4. If you’re boneheaded enough to disregard rules 1, 2 and 3 and you’re still alive and somehow manage to get a gun or knife in your hand, don’t point the gun at anyone. Don’t act aggressively. Don’t wave the knife around. Don’t lunge at an officer. Don’t shout that you want to die and you’re going to take a few cops with you. This really gets them riled up.

    5. If you’ve disobeyed rules 1, 2, 3 and 4, and amazingly, you’re still breathing, don’t expect your friendly neighborhood cop to be an instant psychiatrist. Don’t expect him or her to understand that you’re basically a nice person who’s had a really bad day and this is just your way of crying out for help. Don’t expect a cop to feel sorry that your wife left you, your dog growled at you and you’re tired of the lousy weather. Don’t expect him or her to empathize with your bad childhood or that society has done you a raw deal, or that you’re just getting ready to turn your life around.

    If you get to rule No. 4 and you violate it, you won’t have time to think about rule No. 5, because you’ll be dead or seriously injured. So think about it in advance. Cops aren’t psychiatrists. We can’t expect them to analyze a fleeing, gun-wielding criminal and conclude he’s really just a lost soul trying to communicate his angst to the world. We expect them to react to an immediate threat and not worry about what’s going on inside a person’s head. Most shootings do follow, at least roughly, some part of the pattern described above.

    So I have a hard time criticizing an officer who must make a split-second decision in a terribly dangerous situation. Even if the officer makes a mistake, even if the person didn’t really have a weapon, even if the person isn’t a hardened criminal but a petty teenage thief, I can’t fault the officer. It’s pretty simple.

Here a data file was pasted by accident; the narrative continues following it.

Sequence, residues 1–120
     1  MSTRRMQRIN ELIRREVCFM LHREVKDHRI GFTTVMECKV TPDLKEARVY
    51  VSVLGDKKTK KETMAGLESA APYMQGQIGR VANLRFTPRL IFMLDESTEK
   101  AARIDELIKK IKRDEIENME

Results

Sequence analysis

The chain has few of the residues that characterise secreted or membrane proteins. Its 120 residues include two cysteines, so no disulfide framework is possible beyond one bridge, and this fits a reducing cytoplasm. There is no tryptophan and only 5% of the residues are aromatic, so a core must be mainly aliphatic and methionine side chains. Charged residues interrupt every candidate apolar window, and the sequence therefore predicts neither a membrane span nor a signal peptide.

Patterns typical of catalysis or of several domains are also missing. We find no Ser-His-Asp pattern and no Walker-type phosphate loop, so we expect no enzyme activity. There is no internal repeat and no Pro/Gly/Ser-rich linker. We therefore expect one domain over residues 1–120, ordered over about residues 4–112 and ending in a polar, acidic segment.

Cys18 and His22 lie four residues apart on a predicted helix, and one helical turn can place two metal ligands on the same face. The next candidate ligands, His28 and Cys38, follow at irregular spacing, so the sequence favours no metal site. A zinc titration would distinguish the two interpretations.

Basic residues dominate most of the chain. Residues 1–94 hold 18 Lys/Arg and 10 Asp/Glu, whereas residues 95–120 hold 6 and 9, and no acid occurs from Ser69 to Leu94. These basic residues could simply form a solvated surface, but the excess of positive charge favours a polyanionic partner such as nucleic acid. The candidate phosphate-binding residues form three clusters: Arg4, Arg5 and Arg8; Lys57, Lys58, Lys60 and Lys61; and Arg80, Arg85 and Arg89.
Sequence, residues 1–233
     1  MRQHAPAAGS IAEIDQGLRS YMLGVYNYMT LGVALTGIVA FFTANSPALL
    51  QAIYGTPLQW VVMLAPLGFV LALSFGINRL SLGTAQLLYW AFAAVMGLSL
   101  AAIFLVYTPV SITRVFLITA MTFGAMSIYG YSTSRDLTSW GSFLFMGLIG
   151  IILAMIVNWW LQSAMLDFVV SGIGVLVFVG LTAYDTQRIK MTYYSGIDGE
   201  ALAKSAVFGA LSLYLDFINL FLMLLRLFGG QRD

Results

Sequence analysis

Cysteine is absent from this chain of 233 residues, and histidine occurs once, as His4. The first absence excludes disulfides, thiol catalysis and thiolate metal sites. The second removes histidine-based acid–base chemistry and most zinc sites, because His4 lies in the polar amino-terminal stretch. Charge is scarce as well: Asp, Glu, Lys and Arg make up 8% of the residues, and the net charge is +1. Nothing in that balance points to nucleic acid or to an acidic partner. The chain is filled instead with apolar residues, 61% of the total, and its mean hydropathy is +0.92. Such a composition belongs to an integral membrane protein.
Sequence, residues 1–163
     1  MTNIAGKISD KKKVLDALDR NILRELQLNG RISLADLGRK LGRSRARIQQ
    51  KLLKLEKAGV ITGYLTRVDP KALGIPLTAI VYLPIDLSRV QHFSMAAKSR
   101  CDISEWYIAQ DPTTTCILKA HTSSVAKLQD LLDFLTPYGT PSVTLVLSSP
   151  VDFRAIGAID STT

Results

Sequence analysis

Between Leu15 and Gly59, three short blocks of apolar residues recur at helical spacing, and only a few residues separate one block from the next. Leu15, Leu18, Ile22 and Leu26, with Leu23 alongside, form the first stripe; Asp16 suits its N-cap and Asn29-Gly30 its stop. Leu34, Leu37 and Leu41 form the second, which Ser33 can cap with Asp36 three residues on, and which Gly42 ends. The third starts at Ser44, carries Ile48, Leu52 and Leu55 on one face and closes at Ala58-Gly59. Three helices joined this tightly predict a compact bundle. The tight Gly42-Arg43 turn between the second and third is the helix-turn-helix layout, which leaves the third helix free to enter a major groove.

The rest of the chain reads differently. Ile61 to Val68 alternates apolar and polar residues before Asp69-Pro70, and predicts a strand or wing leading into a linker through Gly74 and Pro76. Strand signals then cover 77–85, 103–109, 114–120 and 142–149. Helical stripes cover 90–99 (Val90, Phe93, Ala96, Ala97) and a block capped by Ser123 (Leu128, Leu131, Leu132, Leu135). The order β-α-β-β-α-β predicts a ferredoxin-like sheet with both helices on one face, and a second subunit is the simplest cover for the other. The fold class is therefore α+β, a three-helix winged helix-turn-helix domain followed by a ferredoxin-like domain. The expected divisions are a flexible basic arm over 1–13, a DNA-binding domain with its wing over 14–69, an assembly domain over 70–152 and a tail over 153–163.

6. Gene August 20, 2008 / 9:04 am
    funny, very funny!

    I stick with rule 1 and I have never had a problem with the cops. Strange, isn’t it?

  7. Angry citizen August 20, 2008 / 9:46 am
    I agree with the cops wife. Unfortunately that is not the environment Dayton seems to encourage. She did forget to mention that you should also give your name when asked. In this case that may have saved a life. The man was flagged in the system as violent but the officer had no way of knowing it. Otherwise he could have called for back-up.
    But instead the news had to attack the officers record as a rookie- which the chief had even stated none of the offenses appeared to be firable offenses. None of them were different from other rookie officers. But yet he was fired. The Dayton Chief played the politics game to keep his job. Maybe he should make sure they train their rookies before letting ones they feel are unready- to go out alone.
    The news media did not address that the officer only has a few seconds to react. They did not mention that a cop is the same as everyone else- they want to do their job and then go home to their family.
    Instead they attack a young man who is already traumatized from the situation and destroy him pubicly because there was nothing else they could do. The shooting was justified so they had to find something to cause trouble.It is sad that Dayton is such a dangerous city to live in but when a police officer does his job thye hang him out as a public sacrifice. And they wonder why people don’t like Dayton…